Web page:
PS, Here's a couple of shots with the shields and the teeny dots left today.

Wednesday, August 6, 2008

I’ve Joined the Club!

In my family asthma has always been present. My mum is a chronic asthmatic and when my brother and I were growing up she had some very extreme attacks. From an early age we understood about mum’s puffers. As my brother got older he developed asthma too, so it became quite a family affair. Now I’ve joined the club. I finally went to the doc today about the problems I’ve been having with my breathing, especially at high intensity, and she’s pretty sure its exercise induced asthma. Which, for me, is actually a relief as I was beginning to get worried it was more serious, and I thought I had a touch of pneumonia! Having asthma doesn’t worry me at all. My mum has always been extremely active and I know of many competitive athletes who suffer from the same thing. I’ve got my pair of lovely blue inhalers so hopefully I’ll be tackling Bottlelake on the singlespeed with fully functioning lungs in no time. I’m very much looking forward to being able to breath properly again.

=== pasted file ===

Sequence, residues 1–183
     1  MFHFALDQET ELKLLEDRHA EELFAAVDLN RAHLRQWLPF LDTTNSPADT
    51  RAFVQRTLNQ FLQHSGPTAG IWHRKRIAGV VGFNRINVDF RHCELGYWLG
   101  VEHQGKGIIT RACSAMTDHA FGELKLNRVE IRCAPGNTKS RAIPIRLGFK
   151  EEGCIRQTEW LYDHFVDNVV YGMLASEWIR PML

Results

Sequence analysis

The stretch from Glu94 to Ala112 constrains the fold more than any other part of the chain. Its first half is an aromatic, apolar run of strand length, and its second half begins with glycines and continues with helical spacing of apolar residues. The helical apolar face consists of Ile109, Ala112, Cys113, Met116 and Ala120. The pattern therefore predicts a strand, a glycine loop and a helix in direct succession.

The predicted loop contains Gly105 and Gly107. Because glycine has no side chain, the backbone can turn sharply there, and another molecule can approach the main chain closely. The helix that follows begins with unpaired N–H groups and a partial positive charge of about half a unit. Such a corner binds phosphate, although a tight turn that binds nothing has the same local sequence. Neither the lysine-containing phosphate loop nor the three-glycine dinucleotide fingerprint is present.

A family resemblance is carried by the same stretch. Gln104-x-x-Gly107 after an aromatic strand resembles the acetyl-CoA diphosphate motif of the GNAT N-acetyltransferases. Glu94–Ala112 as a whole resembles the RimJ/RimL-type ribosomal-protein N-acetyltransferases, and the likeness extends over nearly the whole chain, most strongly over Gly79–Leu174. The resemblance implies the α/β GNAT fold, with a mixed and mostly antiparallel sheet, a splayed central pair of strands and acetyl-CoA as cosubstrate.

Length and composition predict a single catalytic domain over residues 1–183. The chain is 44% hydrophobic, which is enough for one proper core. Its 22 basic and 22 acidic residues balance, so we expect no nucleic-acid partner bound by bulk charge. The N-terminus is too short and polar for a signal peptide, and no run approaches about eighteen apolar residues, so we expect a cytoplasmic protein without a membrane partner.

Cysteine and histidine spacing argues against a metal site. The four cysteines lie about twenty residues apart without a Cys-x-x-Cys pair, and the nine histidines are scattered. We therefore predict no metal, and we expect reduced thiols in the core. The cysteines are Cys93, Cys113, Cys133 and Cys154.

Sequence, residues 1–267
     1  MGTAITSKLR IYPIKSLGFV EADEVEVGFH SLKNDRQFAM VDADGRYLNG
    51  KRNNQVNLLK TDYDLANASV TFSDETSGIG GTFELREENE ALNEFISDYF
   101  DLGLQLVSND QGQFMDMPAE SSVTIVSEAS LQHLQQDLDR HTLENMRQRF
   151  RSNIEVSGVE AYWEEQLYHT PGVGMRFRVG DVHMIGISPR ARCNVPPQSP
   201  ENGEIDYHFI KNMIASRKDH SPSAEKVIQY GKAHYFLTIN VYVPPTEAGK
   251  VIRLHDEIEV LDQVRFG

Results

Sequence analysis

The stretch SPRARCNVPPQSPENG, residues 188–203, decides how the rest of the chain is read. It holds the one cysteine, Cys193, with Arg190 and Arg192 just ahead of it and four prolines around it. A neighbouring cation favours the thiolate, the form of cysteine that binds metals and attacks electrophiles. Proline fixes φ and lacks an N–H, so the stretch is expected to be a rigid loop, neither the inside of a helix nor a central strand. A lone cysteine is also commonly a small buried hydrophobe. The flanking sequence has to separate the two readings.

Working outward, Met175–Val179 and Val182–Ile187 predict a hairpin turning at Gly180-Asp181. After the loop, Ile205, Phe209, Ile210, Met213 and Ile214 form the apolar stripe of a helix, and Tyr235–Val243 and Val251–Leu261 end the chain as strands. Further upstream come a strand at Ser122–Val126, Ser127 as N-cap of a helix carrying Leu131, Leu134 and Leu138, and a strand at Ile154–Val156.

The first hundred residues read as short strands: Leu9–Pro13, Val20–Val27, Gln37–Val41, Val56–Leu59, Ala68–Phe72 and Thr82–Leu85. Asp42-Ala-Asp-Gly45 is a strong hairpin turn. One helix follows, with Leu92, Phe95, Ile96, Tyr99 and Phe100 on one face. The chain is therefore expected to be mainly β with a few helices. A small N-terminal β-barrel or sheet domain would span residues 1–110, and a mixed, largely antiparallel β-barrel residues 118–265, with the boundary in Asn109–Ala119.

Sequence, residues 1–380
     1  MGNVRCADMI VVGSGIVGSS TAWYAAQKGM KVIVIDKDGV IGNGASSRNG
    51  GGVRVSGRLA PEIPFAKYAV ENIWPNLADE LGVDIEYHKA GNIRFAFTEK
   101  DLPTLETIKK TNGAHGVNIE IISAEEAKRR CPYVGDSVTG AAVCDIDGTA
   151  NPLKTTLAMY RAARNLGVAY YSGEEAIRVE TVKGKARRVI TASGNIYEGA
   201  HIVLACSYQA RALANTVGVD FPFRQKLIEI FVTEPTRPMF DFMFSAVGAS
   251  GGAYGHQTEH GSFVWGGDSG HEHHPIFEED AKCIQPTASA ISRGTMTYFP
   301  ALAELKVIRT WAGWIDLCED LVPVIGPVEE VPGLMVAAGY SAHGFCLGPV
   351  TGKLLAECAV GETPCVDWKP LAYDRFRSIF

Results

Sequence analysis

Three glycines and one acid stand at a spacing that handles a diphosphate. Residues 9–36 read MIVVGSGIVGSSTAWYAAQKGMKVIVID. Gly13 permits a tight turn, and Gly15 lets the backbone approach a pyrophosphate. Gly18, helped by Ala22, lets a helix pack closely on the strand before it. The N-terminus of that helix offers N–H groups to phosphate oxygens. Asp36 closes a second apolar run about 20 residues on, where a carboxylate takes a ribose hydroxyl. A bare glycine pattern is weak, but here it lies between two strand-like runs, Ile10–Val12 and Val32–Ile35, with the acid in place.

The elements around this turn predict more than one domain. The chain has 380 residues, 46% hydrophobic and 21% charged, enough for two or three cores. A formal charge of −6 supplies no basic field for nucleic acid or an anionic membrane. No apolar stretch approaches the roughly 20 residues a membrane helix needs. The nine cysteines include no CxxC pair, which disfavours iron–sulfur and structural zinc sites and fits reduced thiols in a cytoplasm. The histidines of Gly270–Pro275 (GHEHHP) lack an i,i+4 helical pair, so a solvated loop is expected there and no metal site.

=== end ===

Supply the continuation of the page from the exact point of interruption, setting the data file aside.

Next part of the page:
Monday, August 4, 2008

The Launch of the SS Betty

It has been a long while between posts again. Work has been crazy busy so no time for blogging. On the 22nd of July my lovely husband and I did a skills course with, which is run by Helena Parsons. I’ve done the beginner course previously and this course built on that really well. We learnt how to lift our back and front wheels, how to corner fast and sharp, how to get up over obstacles, how to ride fast scary dips and how to climb properly. It was really great and exhausting. I still can’t bunny hop to save my life, but I know what I have to do to get there so it’s just a matter of practise.